Recently I’ve been looking for something to do with Oscar that isn’t just about him running around. Don’t get me wrong – Oscar is a child that gets a lot from running around, but I am keen to exercise his mental abilities as well as his physical capabilities. When I heard Lana, a friend from toddler group and a qualified teacher, was setting up a pre-school maths course we were keen to give it a go. Ben was super keen – I think he’s trying to temper my somewhat language based background with his more science based one (he’s always going on about how he can’t wait to “do a science” with the boy). So we signed up to a course with Top Banana Learning and had our first session last Wednesday.
The idea is to introduce children to the concepts and language of maths from a really early age and I have to say he’s loving the counting based song and stories we’re sharing with him at home. Wednesday’s class was great fun (who doesn’t love a pirate themed counting game?), really well planned and executed with real enthusiasm. The only thing I wasn’t expecting was that Oscar was the oldest child in the group by about 6 months, if not older. It doesn’t sound like much but the differences were clear. He wanted to run around and look at everything, while the younger children sat or crawled slowly. I feared for their little fingers and despite being a completely average size for his age he loomed over the younger ones like a giant. What I wasn’t prepared for was how this was going to make me feel. I felt like I was back at Baby Sensory which, for me, was not a good experience.
When Oscar was 6 months old we did a Baby Sensory course. Baby Sensory is a fantastic concept and enables the youngest of children to develop their senses in a fun way. Although there was a real mix of ages in our class, once again, Oscar was the oldest and physically very advanced for his age. He was crawling around and curious about everything. The other babies lay or sat, engaging with the session, Oscar – not so much. He had mobility and he was going to use it. But rather than just letting him get on with it I felt he should be joining in, should be enjoying watching the activities, should be this, should be that. Baby Sensory started to stress me out to the point where I dreaded going. I felt like my son was different and I felt like other parents were judging him and me. Its hard to explain, but I felt like they thought he was “naughty”, because he wasn’t doing what everyone else did. The odd thoughtless comment didn’t help and people took to calling him things like “crazy”, “trouble” and a “lunatic”. Affectionately I’m sure but it was awful, I was awful. I became embarrassed and ashamed. When I tell people now how he crawled at 6 months and walked at 10 months I’m so proud, but at the time I just wanted him to be “normal”.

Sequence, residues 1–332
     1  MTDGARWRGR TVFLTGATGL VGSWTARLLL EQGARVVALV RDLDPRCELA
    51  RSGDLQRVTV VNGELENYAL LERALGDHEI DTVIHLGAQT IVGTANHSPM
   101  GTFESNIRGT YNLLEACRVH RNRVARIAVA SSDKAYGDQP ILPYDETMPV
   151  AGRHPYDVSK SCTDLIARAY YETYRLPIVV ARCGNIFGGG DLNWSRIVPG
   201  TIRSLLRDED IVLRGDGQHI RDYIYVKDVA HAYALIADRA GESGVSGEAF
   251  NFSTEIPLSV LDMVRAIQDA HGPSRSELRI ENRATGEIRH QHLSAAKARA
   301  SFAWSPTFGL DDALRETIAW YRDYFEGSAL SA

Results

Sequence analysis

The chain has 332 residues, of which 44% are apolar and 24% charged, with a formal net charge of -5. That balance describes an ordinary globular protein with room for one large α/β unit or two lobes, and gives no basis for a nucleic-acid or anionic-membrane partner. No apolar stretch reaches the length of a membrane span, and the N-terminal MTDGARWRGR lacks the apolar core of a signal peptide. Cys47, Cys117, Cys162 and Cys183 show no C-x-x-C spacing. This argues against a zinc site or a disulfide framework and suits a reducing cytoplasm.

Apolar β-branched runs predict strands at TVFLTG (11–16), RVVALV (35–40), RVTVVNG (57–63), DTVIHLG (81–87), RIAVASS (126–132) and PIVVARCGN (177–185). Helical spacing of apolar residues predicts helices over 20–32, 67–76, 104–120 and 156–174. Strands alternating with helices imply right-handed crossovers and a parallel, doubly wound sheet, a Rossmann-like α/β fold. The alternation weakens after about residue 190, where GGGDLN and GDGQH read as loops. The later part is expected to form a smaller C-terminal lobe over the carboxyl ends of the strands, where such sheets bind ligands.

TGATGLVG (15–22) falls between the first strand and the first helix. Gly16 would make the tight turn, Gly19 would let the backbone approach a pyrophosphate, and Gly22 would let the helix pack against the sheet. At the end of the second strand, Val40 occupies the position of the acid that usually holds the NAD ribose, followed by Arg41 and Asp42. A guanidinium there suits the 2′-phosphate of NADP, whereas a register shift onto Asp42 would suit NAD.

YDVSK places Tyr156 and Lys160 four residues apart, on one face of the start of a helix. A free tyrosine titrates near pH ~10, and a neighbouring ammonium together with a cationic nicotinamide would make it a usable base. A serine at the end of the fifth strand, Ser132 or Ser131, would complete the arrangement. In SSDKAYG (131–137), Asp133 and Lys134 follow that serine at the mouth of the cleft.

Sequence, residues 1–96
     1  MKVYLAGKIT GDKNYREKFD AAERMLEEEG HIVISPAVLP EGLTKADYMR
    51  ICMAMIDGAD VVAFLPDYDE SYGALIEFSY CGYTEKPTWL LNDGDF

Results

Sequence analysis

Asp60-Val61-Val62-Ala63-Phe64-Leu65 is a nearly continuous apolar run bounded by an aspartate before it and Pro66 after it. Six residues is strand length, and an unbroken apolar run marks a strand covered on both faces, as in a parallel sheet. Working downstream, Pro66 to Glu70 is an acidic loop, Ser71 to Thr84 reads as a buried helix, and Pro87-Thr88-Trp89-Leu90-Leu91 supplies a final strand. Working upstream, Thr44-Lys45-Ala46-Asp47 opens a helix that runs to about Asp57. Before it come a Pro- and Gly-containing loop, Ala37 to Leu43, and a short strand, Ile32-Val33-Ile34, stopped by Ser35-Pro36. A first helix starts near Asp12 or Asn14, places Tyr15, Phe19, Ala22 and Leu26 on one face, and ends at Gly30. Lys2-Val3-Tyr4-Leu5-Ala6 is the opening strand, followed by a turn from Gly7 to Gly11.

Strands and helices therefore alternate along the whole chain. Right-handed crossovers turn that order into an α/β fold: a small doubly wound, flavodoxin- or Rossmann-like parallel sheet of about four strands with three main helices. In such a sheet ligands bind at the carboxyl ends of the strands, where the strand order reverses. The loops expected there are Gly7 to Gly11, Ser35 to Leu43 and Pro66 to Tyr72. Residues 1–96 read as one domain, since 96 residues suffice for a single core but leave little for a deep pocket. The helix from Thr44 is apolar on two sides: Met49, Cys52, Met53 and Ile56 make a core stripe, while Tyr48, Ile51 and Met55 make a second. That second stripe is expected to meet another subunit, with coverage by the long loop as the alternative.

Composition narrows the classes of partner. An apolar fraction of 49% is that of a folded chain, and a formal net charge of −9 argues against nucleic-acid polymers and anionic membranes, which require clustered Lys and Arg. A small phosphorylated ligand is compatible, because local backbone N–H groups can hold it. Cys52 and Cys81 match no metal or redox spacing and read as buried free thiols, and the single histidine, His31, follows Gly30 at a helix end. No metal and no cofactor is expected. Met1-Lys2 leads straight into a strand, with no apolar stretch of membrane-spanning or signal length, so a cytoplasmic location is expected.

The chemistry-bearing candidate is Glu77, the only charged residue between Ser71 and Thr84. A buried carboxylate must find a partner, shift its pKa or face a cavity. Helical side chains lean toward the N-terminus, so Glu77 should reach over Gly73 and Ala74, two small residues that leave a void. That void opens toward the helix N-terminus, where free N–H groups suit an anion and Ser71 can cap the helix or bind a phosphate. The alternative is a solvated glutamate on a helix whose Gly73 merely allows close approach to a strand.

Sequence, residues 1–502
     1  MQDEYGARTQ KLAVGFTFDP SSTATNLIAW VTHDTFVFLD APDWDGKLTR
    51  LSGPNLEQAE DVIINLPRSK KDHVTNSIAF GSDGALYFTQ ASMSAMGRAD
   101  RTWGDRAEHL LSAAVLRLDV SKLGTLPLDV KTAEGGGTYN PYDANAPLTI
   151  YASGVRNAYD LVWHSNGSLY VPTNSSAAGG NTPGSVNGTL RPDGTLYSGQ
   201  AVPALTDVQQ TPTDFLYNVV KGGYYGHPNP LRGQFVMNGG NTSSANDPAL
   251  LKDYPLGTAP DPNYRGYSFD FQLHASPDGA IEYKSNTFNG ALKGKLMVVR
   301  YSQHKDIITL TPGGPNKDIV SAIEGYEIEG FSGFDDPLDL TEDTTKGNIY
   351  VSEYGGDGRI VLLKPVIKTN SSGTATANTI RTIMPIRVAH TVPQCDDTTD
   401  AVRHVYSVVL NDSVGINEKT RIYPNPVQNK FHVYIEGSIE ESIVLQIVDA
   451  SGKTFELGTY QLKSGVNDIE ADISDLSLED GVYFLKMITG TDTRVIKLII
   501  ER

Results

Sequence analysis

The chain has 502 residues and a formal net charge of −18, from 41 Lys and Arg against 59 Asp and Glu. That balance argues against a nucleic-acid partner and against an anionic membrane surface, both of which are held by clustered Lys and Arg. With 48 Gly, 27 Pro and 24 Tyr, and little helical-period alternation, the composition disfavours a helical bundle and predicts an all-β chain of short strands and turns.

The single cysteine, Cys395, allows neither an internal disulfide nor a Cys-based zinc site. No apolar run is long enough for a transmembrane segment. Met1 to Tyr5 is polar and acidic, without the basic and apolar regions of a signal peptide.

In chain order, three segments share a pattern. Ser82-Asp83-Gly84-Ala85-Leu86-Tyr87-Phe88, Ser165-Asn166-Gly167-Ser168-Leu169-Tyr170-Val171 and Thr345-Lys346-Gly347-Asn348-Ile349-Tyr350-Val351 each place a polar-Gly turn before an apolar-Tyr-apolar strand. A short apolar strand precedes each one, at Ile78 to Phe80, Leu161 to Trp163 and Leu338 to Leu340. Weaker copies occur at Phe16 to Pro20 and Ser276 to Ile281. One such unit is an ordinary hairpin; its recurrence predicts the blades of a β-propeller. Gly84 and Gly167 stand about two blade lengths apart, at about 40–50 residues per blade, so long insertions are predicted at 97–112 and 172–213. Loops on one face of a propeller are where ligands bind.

When I think about those few months I still feel ashamed, but now in a completely different way. I am ashamed of myself, that I ever thought my son wasn’t “normal” (what ever that is??). I should have just been proud of him and ignored the comments. Doing things at a different pace is what children do. You can read all the books you like, but as a first time parent you are never going to understand this until you go through it. Why would you? It occurred to me just the other week that despite the seemingly millions of different schools of thought around parenting, children will all do the stuff they need to do eventually. Some will just do it differently to others. Faster, slower, sooner, later, some will thrive at this, others at that. Different but the same, the same but different.
So Wednesday’s group didn’t make me feel bad because of what he did, but because of the memories and the shame it evoked in me. Talking to Lana afterwards I couldn’t help but well up a tiny bit. I didn’t realise how fresh it still was. So she kindly suggested we try the Friday group. We did. He wasn’t the oldest. He didn’t always join in, but then neither did any other child. He seemed much calmer (or was that just me projecting?). We left much happier.
So I think we’ll keep going to the Friday class. He really did enjoy it. He’s taken to walking up and down the bath, pointing at the tiles, while Ben counts them for him and his new favourite book is One Ted Falls out of Bed (a counting book by Julia Donaldson). Maybe maths will be his “thing”. Maybe it wont. Whatever. He can be as “different” as he likes and I’ll be proud of him.